Study: ‘Cord-Cutting’ Could Cripple Cable Profits
A newly released from New York-based research company cg42 finds that pay-TV providers could lose out on nearly $1 billion in revenue over the next year.
According to the Gotham research firm’s “2016 Cord Cutter & Cord Never Study,” some 800,000 cable TV consumers will likely leave their MSO in a cost-savings move that may see them shift to OTT platforms.
The study builds on cg42’s 2014 Cord Cutter Study by providing a focused look at both U.S. consumers who opted out of subscription-based paid-TV service in the last two years, and those who have never subscribed to paid-TV service.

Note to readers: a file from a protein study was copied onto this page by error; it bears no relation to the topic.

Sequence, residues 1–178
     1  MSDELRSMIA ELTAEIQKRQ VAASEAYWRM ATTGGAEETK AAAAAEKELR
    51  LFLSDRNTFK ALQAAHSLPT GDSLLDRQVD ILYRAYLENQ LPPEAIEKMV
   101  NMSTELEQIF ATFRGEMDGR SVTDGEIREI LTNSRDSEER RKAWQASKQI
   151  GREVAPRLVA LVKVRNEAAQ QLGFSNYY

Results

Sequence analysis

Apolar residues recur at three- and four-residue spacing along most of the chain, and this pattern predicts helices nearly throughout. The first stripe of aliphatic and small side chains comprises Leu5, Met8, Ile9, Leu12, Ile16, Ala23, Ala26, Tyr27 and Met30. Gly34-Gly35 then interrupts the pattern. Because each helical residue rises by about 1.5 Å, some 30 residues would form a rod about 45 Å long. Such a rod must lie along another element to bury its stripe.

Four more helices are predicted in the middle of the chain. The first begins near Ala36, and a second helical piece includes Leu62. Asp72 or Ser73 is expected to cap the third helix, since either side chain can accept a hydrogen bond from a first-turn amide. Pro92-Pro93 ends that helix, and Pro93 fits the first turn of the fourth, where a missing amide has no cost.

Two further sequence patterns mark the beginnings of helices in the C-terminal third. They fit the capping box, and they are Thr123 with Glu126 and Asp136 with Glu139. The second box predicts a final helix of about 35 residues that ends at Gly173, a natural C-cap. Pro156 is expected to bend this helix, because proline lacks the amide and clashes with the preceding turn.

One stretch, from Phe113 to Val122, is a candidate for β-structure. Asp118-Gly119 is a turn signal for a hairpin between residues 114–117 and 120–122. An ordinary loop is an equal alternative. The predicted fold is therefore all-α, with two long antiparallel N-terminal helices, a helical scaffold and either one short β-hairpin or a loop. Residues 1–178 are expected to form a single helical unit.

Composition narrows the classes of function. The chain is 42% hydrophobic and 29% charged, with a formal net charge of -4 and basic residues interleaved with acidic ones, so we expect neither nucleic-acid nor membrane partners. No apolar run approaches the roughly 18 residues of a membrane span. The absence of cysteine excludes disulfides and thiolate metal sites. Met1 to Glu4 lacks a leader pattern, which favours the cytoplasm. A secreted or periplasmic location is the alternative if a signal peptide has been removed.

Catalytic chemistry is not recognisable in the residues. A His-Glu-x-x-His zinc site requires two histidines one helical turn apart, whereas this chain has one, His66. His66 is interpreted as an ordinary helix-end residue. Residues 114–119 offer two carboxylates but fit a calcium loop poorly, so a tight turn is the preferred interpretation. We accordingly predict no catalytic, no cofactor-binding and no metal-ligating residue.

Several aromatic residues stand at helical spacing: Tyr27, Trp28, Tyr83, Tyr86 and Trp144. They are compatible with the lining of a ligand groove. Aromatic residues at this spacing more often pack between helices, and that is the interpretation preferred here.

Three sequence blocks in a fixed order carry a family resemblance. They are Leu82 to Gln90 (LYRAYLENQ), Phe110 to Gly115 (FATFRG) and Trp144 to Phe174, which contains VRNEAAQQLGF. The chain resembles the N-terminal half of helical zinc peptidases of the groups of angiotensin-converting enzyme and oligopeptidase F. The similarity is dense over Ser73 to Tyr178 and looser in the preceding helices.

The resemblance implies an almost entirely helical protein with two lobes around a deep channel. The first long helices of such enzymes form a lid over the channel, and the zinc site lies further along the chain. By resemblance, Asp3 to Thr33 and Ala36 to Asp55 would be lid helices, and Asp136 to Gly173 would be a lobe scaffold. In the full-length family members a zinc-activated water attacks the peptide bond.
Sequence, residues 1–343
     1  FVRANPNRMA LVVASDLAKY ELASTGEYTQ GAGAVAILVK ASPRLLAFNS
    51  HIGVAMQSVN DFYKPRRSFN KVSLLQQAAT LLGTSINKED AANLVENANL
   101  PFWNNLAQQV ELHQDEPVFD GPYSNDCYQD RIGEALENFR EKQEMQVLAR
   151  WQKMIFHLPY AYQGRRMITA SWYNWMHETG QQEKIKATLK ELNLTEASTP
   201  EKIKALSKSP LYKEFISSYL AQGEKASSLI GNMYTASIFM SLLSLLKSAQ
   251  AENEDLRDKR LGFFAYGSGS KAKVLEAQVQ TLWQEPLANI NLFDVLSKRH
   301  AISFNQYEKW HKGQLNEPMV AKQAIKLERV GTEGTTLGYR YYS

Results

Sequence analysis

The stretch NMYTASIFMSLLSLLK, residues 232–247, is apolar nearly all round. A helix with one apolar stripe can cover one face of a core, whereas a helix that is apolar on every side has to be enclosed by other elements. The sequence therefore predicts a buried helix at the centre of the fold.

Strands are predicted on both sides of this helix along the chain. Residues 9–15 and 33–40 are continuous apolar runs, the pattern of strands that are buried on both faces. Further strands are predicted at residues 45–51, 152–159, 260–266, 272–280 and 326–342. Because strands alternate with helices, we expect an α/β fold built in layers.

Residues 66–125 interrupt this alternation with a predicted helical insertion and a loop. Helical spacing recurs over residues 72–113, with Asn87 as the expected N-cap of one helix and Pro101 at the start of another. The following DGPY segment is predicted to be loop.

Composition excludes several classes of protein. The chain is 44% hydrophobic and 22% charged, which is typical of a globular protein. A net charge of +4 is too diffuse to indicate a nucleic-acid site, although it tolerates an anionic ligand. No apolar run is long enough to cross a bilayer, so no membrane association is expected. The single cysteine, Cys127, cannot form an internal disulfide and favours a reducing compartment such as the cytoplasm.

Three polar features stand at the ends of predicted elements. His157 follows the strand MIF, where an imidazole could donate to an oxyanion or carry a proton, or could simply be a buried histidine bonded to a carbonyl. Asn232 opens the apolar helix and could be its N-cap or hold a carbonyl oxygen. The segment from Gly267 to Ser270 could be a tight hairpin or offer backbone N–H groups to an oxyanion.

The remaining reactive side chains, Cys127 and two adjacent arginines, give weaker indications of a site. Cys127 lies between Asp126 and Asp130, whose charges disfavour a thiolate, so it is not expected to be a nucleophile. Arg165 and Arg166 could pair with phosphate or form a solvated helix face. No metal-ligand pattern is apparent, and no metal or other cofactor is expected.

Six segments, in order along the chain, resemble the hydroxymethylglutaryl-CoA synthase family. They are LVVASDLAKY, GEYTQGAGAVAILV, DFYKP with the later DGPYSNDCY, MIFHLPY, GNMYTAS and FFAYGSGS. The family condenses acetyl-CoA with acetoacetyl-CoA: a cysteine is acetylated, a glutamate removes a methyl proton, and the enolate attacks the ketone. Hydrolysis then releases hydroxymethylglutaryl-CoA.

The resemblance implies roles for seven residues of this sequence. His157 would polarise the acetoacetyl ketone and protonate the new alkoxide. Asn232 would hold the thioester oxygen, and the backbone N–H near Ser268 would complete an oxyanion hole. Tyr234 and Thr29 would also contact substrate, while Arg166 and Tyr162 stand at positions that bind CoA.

The inclusion of these “Cord Nevers” is “reflective of the growing trend, particularly among younger consumers, to opt for streaming services and avoid subscription-based paid-TV altogether,” cg42 reports.
The research company surveyed some 1,119 individuals, via an online query system.
According to analysis of the study by The Wall Street Journal, pay-TV providers lose some $1,248 per cord-cutter annually. The average cord-cutter saves $104 a month, some 56% of their bill, by saying goodbye to their cable TV service.
The average bill among those surveyed for cable TV, phone, internet access and streaming services is $187 per month.
A respondent who never had a pay-TV connection spends roughly $71 on streaming services and home internet combined.
The most-watched streaming outlet for cord-cutters and cord-nevers is Netflix, with some 94% of respondents stating they have a subscription.